"No one else will speak for orthopaedic surgery in the public debate."
Setting the course for flexibility, advocacy
The Board of Directors of the American Academy of Orthopaedic Surgeons (AAOS) has created a parallel-member organization, initially to be named the Orthopaedic Surgeons of America (OSA), to carry on the orthopaedic community’s advocacy activities on health care issues on behalf of patients and the profession.
The board also has submitted proposed AAOS Bylaws amendments to the fellowship which, if approved by the fellowship in 1999, would restructure certain aspects of AAOS activities. The changes would make it clear that the AAOS’ primary function continues to be education, while OSA’s primary function would be health policy advocacy.
As the growth in managed care and legislative and regulatory mandates began to change the health care delivery environment in the 1990s, the AAOS responded to threats to patient health care with public advocacy programs. But the AAOS advocacy activities are limited by its tax status as a not-for-profit educational association.
The creation of a 501©(6) organization has been discussed many times in recent years by the Board of Directors and Board of Councilors. In the last three years, motions for the AAOS to create an additional 501©(6) organization reached a board vote on two previous occasions. Both times, the motions failed to pass when board vote was split. At the December 1997 board meeting, the vote to create OSA was unanimous.
The board’s action in creating OSA fulfills a mandate of the AAOS membership, which voted at the 1996 Annual Meeting business meeting to authorize the formation of a 501©(6) organization if and when the board believed it was appropriate.
|"The advantage of creating OSA is that it increases our
flexibility," said AAOS President Douglas W. Jackson, MD.
"We can maintain our educational function and provide the other services. We can make effective use of our resources to implement our strategic plan. And, we can be certain that if there is a need for a proactive advocacy program it will not be restricted by the same tax code limits that restrict the AAOS activities.
"We will need to be able to continue to take a leadership position in speaking for the musculoskeletal health of our patients and for the profession that provides it. No one else will speak for orthopaedic surgery in the public debate." (For further discussion, see Dr. Jackson’s "Across the President’s Desk"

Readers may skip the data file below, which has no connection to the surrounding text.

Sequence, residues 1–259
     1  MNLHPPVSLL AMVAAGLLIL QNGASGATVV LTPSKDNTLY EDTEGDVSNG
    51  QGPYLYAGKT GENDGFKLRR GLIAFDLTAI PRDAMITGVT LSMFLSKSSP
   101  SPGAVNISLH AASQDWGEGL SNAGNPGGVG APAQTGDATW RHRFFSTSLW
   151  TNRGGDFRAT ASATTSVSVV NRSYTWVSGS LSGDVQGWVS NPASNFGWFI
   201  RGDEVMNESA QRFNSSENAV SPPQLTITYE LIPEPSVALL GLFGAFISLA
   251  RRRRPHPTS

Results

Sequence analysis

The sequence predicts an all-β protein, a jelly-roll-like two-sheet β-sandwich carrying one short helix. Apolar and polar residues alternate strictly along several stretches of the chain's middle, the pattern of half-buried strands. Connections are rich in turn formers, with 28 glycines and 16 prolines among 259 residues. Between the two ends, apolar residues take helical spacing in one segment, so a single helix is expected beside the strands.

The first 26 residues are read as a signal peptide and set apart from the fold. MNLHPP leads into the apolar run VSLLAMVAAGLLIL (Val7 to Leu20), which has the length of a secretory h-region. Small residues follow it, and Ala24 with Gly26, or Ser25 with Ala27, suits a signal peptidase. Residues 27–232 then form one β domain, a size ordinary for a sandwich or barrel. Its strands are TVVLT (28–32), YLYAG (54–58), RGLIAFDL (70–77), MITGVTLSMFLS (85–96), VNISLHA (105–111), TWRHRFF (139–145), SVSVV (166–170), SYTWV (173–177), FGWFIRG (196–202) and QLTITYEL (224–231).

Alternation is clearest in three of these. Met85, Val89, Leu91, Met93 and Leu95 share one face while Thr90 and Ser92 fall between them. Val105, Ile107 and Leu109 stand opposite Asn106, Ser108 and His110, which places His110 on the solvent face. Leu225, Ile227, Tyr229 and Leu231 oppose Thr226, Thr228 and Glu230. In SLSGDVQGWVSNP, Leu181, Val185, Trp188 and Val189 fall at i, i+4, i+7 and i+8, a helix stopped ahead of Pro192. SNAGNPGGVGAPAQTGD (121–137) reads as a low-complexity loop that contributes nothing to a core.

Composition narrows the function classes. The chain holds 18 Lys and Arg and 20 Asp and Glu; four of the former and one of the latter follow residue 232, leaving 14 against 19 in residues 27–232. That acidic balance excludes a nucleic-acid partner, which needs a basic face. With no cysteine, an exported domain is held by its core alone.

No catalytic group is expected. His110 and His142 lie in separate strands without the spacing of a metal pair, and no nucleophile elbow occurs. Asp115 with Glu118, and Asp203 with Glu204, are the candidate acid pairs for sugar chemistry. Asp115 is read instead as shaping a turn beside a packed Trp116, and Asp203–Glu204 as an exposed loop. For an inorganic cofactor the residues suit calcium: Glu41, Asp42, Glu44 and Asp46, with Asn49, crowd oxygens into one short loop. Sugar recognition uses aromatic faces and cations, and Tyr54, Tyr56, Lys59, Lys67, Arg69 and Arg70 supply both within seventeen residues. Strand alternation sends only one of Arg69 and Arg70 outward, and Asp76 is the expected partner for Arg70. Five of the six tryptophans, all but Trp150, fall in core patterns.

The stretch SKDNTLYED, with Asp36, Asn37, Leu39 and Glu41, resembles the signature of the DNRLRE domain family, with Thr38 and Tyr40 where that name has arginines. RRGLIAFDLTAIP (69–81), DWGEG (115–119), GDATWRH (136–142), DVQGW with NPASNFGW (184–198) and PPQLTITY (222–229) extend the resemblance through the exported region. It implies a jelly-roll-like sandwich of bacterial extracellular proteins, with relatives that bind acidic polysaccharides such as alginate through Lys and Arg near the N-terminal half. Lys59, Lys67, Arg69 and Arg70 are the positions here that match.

Proposed amendments to the AAOS Bylaws, which will be read at the Annual Meeting business meeting in New Orleans next month and voted on at the 1999 Annual Meeting in Anaheim, Calif., will create an organizational restructuring of the AAOS. Some of the major changes in proposed Bylaws amendments would:
Section 501©(3) of the Internal Revenue Code (IRC) exempts the AAOS from federal taxation because of its educational functions. One of the requirements of maintaining that tax status is that no "substantial" part of the activities of the AAOS can be devoted to lobbying or other advocacy activities. "The IRS and the courts have adopted certain factors that they will consider in determining whether a 501©(3) organization’s lobbying activities are too high, constituting a 'substantial part' of its overall activities," said Richard Peterson, AAOS general counsel. "The factors include the role of lobbying in the context of the organization’s overall activities, whether the lobbying is active or passive, whether there are advertisements and public solicitation, etc. There is only one sanction for excessive lobbying: revocation of the 501©(3) status."
The tax code and IRS issues were reviewed in detail for the board by the AAOS staff and outside legal counsel at the board meetings in September and December 1997. The board elected to come under the provisions of the 501(h) "safe harbor" provisions of the IRC. The 501(h) provision establishes specific monetary limits on the amount of lobbying a 501©(3) can engage in without running into problems with the IRS.
"Our primary mission is education," said Dr. Jackson. "We cannot lose our educational tax status and jeopardize providing education and other services that the members need and want."
|AAOS First Vice President
James D. Heckman, MD, agrees, pointing
out that "by forming the 501©(6) organization, we
can protect our 501©(3) tax status and have the ability to
respond to future proposed legislation that we believe is not
in the best interests of our patients. It’s a win-win solution
to a problem that could have restricted the AAOS in the future.
"The board didn’t create the ©(6) organization because it has a specific plan to increase our lobbying activities. We did it to have the flexibility to continue our mission and strategic plan and to be proactive, as needed, in the future."
|Kenneth E. DeHaven, MD, immediate past president of the Academy, emphasized that the IRS has changed the enforcement policy towards 501©(3) organizations. "We can’t even engage in a small increase in the advocacy activities that we have been doing without making a change in our tax status," he explained. "By creating a 501©(6) organization, we gain the flexibility to meet whatever challenges will arise in the future.|